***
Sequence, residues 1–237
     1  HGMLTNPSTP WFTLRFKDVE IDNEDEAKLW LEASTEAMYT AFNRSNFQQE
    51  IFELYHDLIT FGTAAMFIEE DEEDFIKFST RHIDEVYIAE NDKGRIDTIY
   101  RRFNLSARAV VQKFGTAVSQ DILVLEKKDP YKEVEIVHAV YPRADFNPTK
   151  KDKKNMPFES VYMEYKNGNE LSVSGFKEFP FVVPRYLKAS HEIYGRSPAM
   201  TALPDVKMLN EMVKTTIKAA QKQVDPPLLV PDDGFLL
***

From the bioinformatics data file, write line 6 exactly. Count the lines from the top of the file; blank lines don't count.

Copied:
   201  TALPDVKMLN EMVKTTIKAA QKQVDPPLLV PDDGFLL